Recreating the original vegetation types is the one of the main restoration tasks. Although the area around you appears natural, most of these native trees, shrubs, and tussocks were planted.
Known as the Millennium Forest, this area was first planted in 2000. Tall tussock sedges and rushes bordering the pond are already starting to seed and spread naturally. The plantings of young trees and shrubs grade from the wet-margin species near the water to species characteristic of drier sites near them main path.
Seedlings of future forest giants are planted here. See if you can spot: Totara, Kahikatea, Matai.
Compare the leaves of these native conifers with the softer broader leaves of the other plants growing here.
Nectar bearing flowers like those of the kowhai and NZ flax or harakeke will attract native bellbirds.
As the carefully planned mosaic of plantings and waterways becomes more established, the swamp will provide shelter and food for increasing numbers and types of native bush and wetland birds.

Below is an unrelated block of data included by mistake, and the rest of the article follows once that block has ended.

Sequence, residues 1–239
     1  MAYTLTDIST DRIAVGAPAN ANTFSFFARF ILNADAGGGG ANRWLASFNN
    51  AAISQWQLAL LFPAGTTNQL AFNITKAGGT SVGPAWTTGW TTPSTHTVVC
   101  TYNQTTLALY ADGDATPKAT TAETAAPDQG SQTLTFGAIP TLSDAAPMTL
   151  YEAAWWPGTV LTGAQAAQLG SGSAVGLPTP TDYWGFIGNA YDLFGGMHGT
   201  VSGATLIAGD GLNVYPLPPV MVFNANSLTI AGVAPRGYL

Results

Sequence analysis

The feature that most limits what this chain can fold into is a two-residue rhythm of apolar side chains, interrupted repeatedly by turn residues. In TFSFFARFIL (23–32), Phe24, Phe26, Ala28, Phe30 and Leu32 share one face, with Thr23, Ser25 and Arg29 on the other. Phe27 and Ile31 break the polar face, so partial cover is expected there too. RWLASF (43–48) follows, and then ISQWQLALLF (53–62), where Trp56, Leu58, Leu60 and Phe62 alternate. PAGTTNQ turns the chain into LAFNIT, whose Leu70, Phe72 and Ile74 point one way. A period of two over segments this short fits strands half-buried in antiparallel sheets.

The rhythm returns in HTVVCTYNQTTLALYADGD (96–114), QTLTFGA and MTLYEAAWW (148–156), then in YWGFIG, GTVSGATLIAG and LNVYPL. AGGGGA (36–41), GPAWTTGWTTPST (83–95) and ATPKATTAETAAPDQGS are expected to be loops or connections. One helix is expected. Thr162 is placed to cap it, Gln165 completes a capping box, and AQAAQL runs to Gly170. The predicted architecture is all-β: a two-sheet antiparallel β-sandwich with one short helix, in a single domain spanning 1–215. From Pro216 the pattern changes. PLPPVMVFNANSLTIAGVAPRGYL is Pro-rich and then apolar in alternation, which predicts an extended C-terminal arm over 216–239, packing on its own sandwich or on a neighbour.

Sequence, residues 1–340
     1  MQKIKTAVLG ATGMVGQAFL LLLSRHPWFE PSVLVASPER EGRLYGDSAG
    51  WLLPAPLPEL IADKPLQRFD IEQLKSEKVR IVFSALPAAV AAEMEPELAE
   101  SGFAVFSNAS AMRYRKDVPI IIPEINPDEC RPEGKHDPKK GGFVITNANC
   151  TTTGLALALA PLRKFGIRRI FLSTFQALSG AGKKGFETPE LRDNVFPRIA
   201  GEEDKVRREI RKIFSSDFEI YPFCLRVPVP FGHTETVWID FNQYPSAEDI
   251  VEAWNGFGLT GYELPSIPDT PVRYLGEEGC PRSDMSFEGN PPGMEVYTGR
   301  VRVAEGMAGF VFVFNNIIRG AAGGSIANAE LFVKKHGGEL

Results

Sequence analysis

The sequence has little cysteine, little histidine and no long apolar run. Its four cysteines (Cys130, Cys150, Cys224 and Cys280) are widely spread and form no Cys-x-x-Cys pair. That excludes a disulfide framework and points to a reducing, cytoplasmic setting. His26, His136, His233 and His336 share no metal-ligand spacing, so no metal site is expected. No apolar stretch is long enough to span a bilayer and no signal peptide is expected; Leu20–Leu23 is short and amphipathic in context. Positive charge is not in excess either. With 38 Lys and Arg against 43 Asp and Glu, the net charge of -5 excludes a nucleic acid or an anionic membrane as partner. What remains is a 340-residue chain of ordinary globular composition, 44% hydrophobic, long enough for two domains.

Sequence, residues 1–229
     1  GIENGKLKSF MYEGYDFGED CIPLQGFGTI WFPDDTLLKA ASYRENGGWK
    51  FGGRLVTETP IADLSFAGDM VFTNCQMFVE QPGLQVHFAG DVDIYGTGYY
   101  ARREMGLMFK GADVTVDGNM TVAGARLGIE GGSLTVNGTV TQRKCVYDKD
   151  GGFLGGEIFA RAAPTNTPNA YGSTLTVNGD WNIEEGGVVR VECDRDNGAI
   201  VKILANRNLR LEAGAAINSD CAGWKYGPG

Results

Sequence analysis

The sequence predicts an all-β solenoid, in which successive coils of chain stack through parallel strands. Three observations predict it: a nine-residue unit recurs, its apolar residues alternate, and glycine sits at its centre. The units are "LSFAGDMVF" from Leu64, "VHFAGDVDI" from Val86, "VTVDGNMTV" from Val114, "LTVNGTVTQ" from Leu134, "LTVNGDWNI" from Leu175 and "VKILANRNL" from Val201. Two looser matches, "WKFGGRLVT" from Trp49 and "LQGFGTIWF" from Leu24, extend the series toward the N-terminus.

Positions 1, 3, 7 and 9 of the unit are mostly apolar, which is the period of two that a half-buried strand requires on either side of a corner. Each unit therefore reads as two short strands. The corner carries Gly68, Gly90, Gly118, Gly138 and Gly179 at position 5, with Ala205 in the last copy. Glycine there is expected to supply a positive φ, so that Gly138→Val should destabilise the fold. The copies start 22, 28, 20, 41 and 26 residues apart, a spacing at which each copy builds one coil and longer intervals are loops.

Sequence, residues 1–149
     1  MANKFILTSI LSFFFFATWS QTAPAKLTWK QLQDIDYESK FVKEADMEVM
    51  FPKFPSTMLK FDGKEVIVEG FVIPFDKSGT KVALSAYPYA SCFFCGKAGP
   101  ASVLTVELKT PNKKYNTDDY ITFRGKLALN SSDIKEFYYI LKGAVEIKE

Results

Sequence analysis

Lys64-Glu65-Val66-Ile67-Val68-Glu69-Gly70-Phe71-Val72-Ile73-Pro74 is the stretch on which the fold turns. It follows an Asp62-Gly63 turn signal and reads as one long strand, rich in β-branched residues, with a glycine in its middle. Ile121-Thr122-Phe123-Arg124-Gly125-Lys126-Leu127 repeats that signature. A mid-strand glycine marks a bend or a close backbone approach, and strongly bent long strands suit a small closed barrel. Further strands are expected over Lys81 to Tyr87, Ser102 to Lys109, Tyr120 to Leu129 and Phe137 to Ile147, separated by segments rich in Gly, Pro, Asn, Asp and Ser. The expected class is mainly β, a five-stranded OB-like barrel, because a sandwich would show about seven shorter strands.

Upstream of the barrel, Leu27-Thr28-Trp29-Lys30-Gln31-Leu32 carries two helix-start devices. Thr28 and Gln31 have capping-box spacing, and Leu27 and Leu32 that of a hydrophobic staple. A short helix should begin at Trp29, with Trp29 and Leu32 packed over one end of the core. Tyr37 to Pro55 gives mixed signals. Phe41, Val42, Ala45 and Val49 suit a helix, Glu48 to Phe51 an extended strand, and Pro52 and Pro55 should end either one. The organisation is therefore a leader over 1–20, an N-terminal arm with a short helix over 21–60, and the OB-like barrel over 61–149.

Travis Wetland is a vital link in a network of green spaces and waterways that support bird life in Christchurch. It is the largest freshwater swamp on the flyway used by birds travelling between the Avon-Heathcote Estuary, the Avon River, the Waimakariri River, and the high country beyond.
Most of the wetland birds you see here live elsewhere at some stage during their lives. Visiting winter flocks have already increased substantially.
Travis Wetland is the last large area of diverse wetland habitat left in the city suitable for pukeko. About half of Christchurch’s pukeko live here in winter – up to 700 birds, one of the largest concentrations in New Zealand. Many of them breed here. In early summer, watch out for pukeko mothers with their chicks on the next section of the walk. Make time to linger at the bird hide for some great bird spotting. Watch out for interesting bird visitors – Travis Wetland attracts them!
Can you find this plant ?
Totara, Podocarpus totara
Totara is a species of podocarp tree endemic to New Zealand.
The Totara is a medium to large tree which grows slowly to around 20 to 25 m.
Can you see this bird ?
Grey Warbler, Gerygone igata, Riroriro
This grey brown bird is the smallest bird you will see at Travis Wetland.
It can be seen constantly flitting through the canopy in search of spiders and insects and their larvae.
It may be diminutive in size but it has one of the loudest and most melodic calls of any of the New Zealand bush birds.